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Thanksgiving, from the ground up

Every morsel on the table is a reminder of the value of the land and those who work it.

November 23, 2005|Michael Ableman | MICHAEL ABLEMAN is a farmer and author of "Fields of Plenty: a Farmer's Journey in Search of Real Food and the People Who Grow It" (Chronicle Books, 2005).

IN THE FALL OF 1863, in the midst of a civil war that divided the country, Abraham Lincoln proclaimed the last Thursday of each November to be a national thanksgiving holiday. In his proclamation Lincoln said, "The year that is drawing toward its close has been filled with the blessings of fruitful fields and healthful skies. To these bounties, which are so constantly enjoyed, we are prone to forget the source from which they come."

This Thanksgiving, a time when our country is divided again, let us not forget the source, and let us try to understand the story of each of the foods that grace our tables.

Consider that the turkey that takes center stage is the product of a long and too often complicated journey, that each turnip or beet or head of lettuce started as a tiny seed planted in soil, that the herbs and cranberries and chestnuts and yams were brought forth by real people whose hands plant and nurture and harvest.

Reflect on the fact that each of these foods may have traveled more than 1,000 miles from the field to the plate, that it now requires multiple calories of energy to fertilize, cool and transport each calorie of food we consume. Consider that the majority of the world's fresh water is used to produce food, of which only a fraction ever reaches the intended plants or animals because of inefficient transport and application methods. Remember the soil, the Earth's placenta; each of us is dependent on it, yet we treat it like dirt.

Think about the 1% of our population we still call farmers, consider the enormous task it takes to feed a predominantly urban world. Remember the farmworkers, those whose hands do the hoeing, milking, feeding and harvesting -- often men and women who risk their lives to cross the border between Mexico and the U.S. illegally, to do work that most Americans will no longer do.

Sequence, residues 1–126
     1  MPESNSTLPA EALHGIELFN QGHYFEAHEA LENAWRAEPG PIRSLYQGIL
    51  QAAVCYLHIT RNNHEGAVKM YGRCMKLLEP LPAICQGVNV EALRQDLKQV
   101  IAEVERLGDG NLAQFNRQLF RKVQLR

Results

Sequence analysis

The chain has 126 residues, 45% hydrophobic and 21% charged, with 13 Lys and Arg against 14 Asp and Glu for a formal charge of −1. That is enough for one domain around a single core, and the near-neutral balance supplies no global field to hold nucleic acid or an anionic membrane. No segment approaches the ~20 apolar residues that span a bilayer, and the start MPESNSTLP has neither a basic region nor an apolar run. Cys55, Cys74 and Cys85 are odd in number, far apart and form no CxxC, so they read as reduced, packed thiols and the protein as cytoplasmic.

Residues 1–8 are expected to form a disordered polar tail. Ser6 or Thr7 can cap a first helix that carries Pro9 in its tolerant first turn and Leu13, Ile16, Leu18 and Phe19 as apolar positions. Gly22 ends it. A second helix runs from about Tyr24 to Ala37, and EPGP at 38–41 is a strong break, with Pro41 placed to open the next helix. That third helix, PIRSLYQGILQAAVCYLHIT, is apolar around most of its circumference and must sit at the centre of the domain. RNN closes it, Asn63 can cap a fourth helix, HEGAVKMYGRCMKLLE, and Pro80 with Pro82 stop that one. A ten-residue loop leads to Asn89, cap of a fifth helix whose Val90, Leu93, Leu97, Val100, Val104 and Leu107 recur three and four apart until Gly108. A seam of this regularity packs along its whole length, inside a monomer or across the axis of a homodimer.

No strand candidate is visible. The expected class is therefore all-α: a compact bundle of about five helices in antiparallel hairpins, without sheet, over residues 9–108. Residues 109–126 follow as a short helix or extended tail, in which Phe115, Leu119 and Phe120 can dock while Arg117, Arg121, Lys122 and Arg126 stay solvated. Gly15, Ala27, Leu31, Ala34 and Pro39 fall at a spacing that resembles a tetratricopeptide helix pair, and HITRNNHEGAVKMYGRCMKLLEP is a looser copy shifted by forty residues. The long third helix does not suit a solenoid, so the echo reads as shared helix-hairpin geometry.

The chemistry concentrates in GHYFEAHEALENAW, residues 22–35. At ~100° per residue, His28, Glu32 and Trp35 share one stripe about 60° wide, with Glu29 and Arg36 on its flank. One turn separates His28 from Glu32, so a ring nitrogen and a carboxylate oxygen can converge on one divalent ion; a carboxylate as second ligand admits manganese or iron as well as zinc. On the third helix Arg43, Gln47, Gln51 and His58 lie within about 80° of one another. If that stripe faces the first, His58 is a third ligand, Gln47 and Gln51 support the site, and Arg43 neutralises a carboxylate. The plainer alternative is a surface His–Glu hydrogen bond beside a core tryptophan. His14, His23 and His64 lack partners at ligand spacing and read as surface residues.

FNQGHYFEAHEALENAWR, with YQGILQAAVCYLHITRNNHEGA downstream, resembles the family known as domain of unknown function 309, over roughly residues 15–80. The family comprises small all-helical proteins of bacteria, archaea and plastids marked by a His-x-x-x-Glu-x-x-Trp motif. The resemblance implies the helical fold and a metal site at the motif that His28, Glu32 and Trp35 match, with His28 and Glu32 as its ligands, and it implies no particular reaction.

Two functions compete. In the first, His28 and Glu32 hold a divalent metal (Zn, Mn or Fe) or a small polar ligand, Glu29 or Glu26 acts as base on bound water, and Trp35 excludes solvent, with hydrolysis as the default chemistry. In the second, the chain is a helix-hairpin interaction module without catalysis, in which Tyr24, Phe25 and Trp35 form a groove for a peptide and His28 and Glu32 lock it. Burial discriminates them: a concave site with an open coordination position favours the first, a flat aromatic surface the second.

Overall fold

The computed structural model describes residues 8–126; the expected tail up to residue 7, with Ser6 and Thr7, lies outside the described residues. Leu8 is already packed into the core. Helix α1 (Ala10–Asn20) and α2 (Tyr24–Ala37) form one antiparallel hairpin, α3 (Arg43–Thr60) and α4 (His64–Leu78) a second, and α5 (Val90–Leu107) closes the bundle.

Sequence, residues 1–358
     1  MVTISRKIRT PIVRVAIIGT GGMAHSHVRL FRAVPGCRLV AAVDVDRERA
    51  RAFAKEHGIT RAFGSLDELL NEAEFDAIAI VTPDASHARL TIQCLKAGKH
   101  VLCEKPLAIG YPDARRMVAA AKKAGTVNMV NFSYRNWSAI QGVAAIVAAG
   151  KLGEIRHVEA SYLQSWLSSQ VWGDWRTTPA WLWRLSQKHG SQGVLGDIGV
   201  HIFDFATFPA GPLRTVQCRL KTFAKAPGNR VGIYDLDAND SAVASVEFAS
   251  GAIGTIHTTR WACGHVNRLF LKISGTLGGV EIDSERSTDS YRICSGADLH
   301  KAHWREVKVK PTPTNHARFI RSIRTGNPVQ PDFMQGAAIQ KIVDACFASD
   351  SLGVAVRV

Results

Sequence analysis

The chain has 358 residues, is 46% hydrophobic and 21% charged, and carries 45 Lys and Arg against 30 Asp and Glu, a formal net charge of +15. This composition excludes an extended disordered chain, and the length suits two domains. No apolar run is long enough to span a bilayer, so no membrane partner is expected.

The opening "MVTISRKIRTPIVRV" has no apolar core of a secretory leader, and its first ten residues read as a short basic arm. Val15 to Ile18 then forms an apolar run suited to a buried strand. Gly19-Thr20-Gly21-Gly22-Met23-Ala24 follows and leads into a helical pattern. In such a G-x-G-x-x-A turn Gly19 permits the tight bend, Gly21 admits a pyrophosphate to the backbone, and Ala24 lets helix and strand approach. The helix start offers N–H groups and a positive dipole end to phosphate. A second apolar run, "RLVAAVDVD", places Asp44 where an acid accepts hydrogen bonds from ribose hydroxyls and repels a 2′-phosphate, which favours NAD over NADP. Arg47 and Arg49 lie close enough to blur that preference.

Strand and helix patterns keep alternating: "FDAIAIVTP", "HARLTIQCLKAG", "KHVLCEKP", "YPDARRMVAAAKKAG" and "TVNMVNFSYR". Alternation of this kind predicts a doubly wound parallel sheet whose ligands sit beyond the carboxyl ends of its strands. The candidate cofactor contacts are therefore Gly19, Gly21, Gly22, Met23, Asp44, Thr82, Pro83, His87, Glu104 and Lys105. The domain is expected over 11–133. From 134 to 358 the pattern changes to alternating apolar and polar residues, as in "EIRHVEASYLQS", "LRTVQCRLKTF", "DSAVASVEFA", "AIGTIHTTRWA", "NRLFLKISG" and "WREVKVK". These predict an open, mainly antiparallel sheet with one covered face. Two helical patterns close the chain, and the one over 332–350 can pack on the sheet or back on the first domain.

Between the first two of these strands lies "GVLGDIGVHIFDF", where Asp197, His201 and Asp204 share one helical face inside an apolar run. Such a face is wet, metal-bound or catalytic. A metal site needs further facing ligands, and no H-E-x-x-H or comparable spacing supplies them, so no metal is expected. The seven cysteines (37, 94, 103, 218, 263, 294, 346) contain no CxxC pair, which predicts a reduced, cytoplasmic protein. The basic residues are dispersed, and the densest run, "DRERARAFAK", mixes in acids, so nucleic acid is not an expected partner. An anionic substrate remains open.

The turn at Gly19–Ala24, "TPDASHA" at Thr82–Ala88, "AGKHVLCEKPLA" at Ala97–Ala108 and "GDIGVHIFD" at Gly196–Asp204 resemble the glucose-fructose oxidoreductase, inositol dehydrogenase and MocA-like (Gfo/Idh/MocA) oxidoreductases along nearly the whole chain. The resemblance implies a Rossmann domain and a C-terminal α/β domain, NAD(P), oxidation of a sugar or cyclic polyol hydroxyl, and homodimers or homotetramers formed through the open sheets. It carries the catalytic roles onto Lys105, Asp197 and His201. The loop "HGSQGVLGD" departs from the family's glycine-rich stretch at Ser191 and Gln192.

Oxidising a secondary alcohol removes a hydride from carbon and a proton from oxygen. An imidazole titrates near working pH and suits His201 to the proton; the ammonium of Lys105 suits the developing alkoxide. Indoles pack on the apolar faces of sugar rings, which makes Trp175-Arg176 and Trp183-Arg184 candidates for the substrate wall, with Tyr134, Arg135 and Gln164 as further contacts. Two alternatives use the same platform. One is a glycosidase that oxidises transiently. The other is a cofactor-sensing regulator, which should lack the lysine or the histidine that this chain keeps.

Think about how fragile and precarious our food system really is. Each of the foods that grace our Thanksgiving table are dependent on dwindling oil reserves, diminishing aquifers and people who come here illegally. What if the borders really were closed and all those who slipped in to work in American fields were removed? What if world populations continue to grow and demands on fresh water cannot be met? What happens when the oil runs out?

As a nation, we spend a staggering percentage of tax dollars to fight wars, to design and install high-tech devices to monitor, inspect and search -- all to supposedly make us more secure. But what is more critical to our security than fresh food and water and living soil? Supporting and participating in local agriculture may be one of the best forms of homeland security. It diminishes our reliance on foreign oil, restores local economies, rebuilds healthy soils, recycles nutrients and water, improves personal health and increases the pleasure of the table.

As we celebrate this Thanksgiving, let us remember to give thanks to the land and to all those who still work with it.

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